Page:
Dead Space 3
Developer: Visceral Games
Publisher: Electronic Arts
Platforms: PC, PlayStation 3, Xbox 360 (Reviewed)
Release Date: February 5, 2013
Lately, whenever developers try to add something new to a popular franchise fans react with outrage and there has never been a better example of this than Dead Space 3. Over the past few months leading up to the game’s release, we’ve seen outrage over the addition of online co-op, Kinect voice work, human enemies and of course microtransaction DLC.
With all of these questionable additions added into Dead Space 3 by Visceral Games, many fans of the series have wondered if the game will still provide the same experience as before. As such, is Dead Space 3 everything fans have been hoping for or have these improvements only bogged down a great franchise?
After the events of Dead Space 2, one would think that people would begin to realize that the Markers are bad news and two months after Isaac Clarke managed to survive the outbreak on the Sprawl he is now a rather broken man. This is certainly understandable given his history with the Necromorphs and the Markers, but poor Isaac can’t run away any further.
It turns out that the now militant Church of Unitology is now hunting down the last of Earthgov, the last remaining sense of order in the area and they have set their sights on Clarke. With a psychotic organization bearing down on him and the information that his estranged love interest Ellie has gone missing near the ice planet of Tau Volantis, Isaac agrees to travel with the last remnants of Earthgov to track her down and potentially discover the origin of the Markers.
Interestingly enough, the story of Dead Space 3 can be divided into three clear segments, with a great prologue providing previously unknown backstory on the markers, Isaac’s venture to find Ellie and successfully reach Tau Volantis and finally the adventure upon the planet itself. As the player progresses through the story more tidbits of information are revealed about the mystery of the planet and the Marker.
However along those lines, the previously well-written storyline of the Dead Space games flounders a bit and at least one clear culprit here is the fact that the game is now co-op oriented. The single player and co-op campaigns play very similar to one another in most regards as only a few noticeable things change such as a few minor cut-scene differences and dialogue interactions between Isaac and Carver as they venture the planet’s surface. However the fact that Carver has even been included takes the focus away from Isaac and even in single player that focus does not return.
In previous Dead Space titles, there has always been a deliciously wonderful blend of horror and psychological degradation regarding Isaac Clarke. Throughout the first title you’re looking in denial for you’re dead wife, while the second game sees the player haunted by hallucinations and more. With Dead Space 3 however, all of that is abandoned except for the fact that Isaac is apparently a “broken man” at the start of the game.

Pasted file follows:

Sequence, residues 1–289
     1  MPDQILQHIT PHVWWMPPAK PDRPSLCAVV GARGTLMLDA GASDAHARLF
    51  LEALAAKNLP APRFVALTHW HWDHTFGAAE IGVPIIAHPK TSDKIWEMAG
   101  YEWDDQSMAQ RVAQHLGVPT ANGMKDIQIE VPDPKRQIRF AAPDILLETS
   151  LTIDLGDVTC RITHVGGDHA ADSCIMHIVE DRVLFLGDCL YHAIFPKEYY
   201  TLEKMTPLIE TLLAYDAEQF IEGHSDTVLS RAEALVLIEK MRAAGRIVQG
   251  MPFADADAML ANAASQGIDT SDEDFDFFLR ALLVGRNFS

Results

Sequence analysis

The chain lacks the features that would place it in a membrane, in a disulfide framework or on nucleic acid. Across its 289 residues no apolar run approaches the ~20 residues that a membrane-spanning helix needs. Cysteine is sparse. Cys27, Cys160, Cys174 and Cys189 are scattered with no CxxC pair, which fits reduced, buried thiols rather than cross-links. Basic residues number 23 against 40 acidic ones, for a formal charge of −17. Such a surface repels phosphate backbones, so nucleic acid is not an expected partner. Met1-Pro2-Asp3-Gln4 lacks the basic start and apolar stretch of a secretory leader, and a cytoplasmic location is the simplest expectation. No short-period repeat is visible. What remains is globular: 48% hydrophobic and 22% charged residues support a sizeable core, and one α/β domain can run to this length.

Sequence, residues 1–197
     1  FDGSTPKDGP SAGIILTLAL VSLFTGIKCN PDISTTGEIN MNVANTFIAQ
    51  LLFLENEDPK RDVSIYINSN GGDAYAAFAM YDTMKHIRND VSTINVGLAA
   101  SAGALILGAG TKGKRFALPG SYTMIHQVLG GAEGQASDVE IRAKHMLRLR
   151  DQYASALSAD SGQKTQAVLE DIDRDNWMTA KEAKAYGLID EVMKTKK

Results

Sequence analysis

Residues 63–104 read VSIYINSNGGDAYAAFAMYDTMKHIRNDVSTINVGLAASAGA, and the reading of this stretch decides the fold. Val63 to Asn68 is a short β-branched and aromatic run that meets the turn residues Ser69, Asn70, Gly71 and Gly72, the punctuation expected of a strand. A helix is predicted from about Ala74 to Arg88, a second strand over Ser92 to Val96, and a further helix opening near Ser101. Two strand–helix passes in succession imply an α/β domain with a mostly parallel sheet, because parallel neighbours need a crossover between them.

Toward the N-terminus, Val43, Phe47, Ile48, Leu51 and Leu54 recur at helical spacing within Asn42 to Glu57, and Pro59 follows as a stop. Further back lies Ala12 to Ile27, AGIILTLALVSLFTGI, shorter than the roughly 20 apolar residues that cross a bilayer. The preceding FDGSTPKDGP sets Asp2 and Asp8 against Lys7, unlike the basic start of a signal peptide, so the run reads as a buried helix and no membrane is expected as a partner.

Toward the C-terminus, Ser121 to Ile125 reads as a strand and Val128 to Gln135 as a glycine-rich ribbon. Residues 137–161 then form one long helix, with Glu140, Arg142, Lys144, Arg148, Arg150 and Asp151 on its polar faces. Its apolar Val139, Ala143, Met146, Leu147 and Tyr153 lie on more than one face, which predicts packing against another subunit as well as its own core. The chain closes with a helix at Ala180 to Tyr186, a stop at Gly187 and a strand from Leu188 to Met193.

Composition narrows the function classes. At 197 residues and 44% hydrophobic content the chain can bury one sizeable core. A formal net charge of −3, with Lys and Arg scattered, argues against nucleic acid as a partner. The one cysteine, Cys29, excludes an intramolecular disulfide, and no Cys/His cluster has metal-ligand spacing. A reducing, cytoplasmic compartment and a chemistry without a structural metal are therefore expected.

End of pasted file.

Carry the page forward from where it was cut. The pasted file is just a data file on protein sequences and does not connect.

Instead, Carver becomes the focus of the Marker’s influences and this means that unless you happen to be playing as Carver in co-op, you will be missing out on all of the creepy hallucinogenic mind-screws that Dead Space used to be known for. Now playing with a co-op partner can add in more side-quests it does ultimately ruin the entire feeling of the game and Isaac’s story as a whole, which means that it is wonderful that Co-op isn’t mandatory in the slightest and players can simply ignore that co-op option if they please, or at least wait until New Game Plus so they experience the game’s story as it should be told, not with a hanger-on ruining the experience.
Calling something that can be as grotesque at times as Dead Space 3 is beautiful may sound rather demented but calling it anything else would be doing the title a disservice. The reason for this is simply thanks to the fact that Visceral Games has outdone themselves when it comes to creating everything in Dead Space 3, whether it be the environments, the Necromorphs or even Isaac’s RIG that we’ve grown accustomed to.
The first half of the game serves as a great reminder to everything that made Dead Space great as gamers explore haunting corridors of derelict space ships while the second half provides a stunning contrast as gamers must venture through a snowy world, often blind to danger a few feet away, always fearful of whether the next Necromorph will come screaming out of the blizzard or tunneling right out from under your feet. Then when players do venture inside, they find themselves exploring blood-soaked bunkers full of eeri reminders that everyone who used to live there died… and died horribly.
The Necromorphs themselves have taken on a more gruesome appearance than before and even returning versions have seen upgrades and seem even more terrifying and homicidal than ever before. As for Isaac’s RIG, there are a number of new designs and the lighting effects have been made better than ever as players will trek through dark corridors with only their face-mask lights lighting the way.
However even the creepiest visuals in the world can’t create a haunting atmosphere without a sound effects and music to help set the tone. Thankfully players will find the world of Dead Space 3 full of eerie musical tracks that do a great job keeping the game feeling spooky. Alongside this the game also features amazing sound effects in the form of both environmental noises and the Necromorphs themselves. The sound of doors opening and shifting debris can cause hesitation while the screams and roars of the Necromorphs continue to impress.
As for the human aspect, the voice work provided within the game is superb as the previous voice actors for Isaac and Ellie return and are fleshed out with a number of other well-voiced characters that sell the experience and terror well.
As I mentioned in the beginning, many things have been added into Dead Space 3 that were never in past iterations and I will go over those shortly, but for the most part Dead Space 3 is, at it’s very core, the same type of game that fans have grown to love over the years. This means the minimalistic HUD displayed on Isaac’s RIG and holographic inventory system and of course, the cutting of limbs from Necromorphs.